The Trouble With Tribbles is an entire episode dedicated to the show not taking itself too seriously, and it works very well. It helps that the ensemble of the original Star Trek probably have the best comedic timing in the franchise, and that the show drafts in reliable supporting performer William Campbell to play a Klingon antagonist who is more of a snide jerk than a world-conquering maniac. (Well, mostly, anyway.)

Mirror, Mirror


What it’s about: A freak transport accident (get used to those) strands Kirk in an alternate universe where everybody is evil and sexy. Well, sexier. Not only must Kirk and his companions try to blend in on this sadistic and fascist version of the familiar ship while dealing with plotting and conniving doppelgängers, they also have to figure out a way to get home. Also, Spock has a neat goatee.

Why it’s great: Spock’s goatee has become a pop culture in-joke, a shorthand way of demonstrating that a particular character stems from an evil alternate world. The idea of an evil Enterprise is inspired, and seeing our heroes turned into scheming sociopaths is also quite entertaining. Leonard Nimoy is also fantastic in his role as evil!Spock, hinting that perhaps Spock himself might be a constant across universes. This is pulpy science-fiction, but it’s a genre which the origin Star Trek executed so very well.

The Devil in the Dark


What it’s about: A bunch of miners on a distant world are being slaughtered by a monster dwelling in the cave system. Given the richness of the materials being excavated, Kirk and the Enterprise are dispatched to help deal with the problem brewing beneath the surface of this rocky world.

Why it’s great: The Devil in the Dark executes a fairly classic science-fiction twist, but it’s a classic twist for a reason. If you want an example of Star Trek‘s humanist philosophy, and an opportunity to see the ideals of Roddenberry’s show in action, you really can’t do much better than this.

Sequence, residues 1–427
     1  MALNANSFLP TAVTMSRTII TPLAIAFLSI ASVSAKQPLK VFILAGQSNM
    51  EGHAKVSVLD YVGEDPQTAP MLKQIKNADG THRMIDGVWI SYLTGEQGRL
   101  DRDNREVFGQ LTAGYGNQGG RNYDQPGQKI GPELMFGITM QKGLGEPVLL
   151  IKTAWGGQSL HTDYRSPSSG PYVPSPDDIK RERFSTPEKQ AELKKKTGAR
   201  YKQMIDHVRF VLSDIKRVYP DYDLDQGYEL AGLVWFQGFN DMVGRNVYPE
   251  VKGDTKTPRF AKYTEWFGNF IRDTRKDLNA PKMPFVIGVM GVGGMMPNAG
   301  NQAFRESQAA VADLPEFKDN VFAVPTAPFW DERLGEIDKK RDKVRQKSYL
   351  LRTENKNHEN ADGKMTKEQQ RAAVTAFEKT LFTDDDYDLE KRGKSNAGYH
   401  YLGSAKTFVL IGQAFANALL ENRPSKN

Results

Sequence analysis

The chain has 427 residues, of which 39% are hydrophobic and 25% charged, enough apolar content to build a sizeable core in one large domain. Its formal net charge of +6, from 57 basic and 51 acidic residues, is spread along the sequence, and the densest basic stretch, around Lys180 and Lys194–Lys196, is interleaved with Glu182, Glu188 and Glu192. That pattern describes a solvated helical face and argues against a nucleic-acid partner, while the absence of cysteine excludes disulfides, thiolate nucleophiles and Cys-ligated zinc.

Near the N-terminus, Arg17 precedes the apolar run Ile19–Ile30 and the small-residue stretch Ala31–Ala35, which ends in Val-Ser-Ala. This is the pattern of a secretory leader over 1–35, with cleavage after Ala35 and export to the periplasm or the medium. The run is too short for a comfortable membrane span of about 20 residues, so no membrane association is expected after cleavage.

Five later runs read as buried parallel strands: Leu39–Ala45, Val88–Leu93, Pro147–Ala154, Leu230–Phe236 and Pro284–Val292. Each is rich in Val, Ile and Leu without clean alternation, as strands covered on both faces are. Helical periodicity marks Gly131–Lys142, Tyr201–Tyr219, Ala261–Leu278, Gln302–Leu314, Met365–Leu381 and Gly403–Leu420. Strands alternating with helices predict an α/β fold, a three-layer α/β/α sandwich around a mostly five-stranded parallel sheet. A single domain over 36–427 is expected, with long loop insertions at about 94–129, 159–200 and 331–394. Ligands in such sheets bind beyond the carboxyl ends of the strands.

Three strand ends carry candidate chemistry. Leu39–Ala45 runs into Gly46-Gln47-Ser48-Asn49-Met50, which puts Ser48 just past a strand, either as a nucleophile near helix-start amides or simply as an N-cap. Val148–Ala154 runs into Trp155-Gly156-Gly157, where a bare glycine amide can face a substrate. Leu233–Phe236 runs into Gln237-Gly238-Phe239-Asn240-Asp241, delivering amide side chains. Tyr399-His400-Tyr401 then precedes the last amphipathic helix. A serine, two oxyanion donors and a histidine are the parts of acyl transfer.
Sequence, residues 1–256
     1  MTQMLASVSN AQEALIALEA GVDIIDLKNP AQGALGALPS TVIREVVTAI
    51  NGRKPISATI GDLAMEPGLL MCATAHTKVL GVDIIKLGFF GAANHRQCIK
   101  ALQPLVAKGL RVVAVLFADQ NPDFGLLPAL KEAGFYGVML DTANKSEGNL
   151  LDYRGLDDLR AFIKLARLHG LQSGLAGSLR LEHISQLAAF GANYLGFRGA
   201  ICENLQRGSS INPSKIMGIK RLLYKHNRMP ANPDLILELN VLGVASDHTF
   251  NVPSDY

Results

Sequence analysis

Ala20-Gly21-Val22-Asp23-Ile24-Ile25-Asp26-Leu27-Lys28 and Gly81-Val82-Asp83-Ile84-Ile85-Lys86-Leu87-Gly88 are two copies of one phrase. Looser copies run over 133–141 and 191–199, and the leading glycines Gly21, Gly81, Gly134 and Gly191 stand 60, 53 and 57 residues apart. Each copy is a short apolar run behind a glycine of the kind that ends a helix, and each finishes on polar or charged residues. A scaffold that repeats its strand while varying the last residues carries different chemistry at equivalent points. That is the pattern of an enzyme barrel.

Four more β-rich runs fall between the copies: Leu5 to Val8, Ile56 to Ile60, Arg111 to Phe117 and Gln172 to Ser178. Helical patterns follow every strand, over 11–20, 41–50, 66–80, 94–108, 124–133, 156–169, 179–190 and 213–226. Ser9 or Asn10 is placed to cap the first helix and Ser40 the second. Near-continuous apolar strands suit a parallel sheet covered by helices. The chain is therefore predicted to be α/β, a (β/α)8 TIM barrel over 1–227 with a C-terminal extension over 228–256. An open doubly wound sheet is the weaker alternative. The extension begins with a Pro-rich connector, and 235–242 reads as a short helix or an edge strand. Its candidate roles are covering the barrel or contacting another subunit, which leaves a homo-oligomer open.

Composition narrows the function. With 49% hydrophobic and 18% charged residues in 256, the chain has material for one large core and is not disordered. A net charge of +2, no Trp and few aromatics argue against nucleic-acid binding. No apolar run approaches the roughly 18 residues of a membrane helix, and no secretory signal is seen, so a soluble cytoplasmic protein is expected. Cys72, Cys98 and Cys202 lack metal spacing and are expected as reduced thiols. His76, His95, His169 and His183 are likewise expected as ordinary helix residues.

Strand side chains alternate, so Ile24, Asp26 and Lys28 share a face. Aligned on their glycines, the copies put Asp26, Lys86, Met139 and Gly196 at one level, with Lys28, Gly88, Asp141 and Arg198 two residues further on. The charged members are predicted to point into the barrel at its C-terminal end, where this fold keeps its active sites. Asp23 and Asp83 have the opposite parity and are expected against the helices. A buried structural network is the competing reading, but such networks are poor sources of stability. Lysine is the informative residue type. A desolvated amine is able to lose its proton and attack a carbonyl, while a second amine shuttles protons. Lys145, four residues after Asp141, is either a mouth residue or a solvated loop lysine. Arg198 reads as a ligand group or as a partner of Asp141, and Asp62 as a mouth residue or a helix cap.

As usual, Nimoy is phenomenal as Spock, and the Horta itself stands out as one of the franchise’s most wonderfully alien (and elegantly simplistic) extraterrestrial designs. Willaim Shatner has been known to alternate between naming this or The City on the Edge of Forever as his favourite episode. Also, The Next Generation offered a passable remake in the form of Home Soil.

A Piece of the Action


What it’s about: Kirk and Spock encounter a society that seems to run on the clichés of the crime genre. They proceed to investigate. Spock gets to wear a cool suit, and William Shatner has a wonderful time.

Why it’s great: There are stronger episodes of Star Trek. I feel a little guilty leaving Errand of Mercy or The Enterprise Incident to make room for A Piece of the Action, but A Piece of the Action is just as much a part of Star Trek as any of those shows. A Piece of the Action is just the best example of a particular type of Star Trek, the kind of story that could easily have come from a trashy fifties magazine, relying on the fairly contrived set-up of stumbling across a planet which resembles an era from our own past.

The second season was full of these sorts of stories, including TV!Romans in Bread & Circuses, space!Nazis in Patterns of Force and even the surreal America-world of The Omega Glory. It’s sobering sometimes to remember that Star Trek was occasionally a cheesy sixties television show. However, cheese is seldom as fun as it is here.

The Doomsday Machine


What it’s about: The Enterprise finds Commodore Decker, the last survivor of one of the Enterprise’s sister ships. It turns out that his ship and crew were eaten by a giant planet-eating space monster, which would seem to be one of the risks of the job. Decker is taking this about as well as you might expect, and vows vengeance against the gigantic beast. This causes obvious problems for Kirk, given that Decker technically outranks him.

Why it’s great: Star Trek, like popular culture as a whole, has been riffing off Moby Dick for quite some time. And generally quite well, too. For every crazy “Kirk hunts a space vampire cloud” plot (Obsession), there’s Star Trek II: The Wrath of Khan, Star Trek: First Contact and Star Trek: Into Darkness. The Doomsday Machine does the plot well, and demonstrates why these sorts of stories are great for character drama. It helps that Norman Spinrad’s script is sharp, and that the sci-fi high concept behind the threat (the eponymous planet-killer) is interesting in its own right.

Balance of Terror


What it’s about: Star Trek introduces the first of its long-recurring adversaries here, in the form of the Romulans. Basically evil!Vulcans, the Romulans would go on to appear in all of the spin-offs and even bookend the movie franchise, appearing as the primary antagonists of the last Star Trek: The Next Generation film (Star Trek: Nemesis) and the first of Abrams’ reboot films.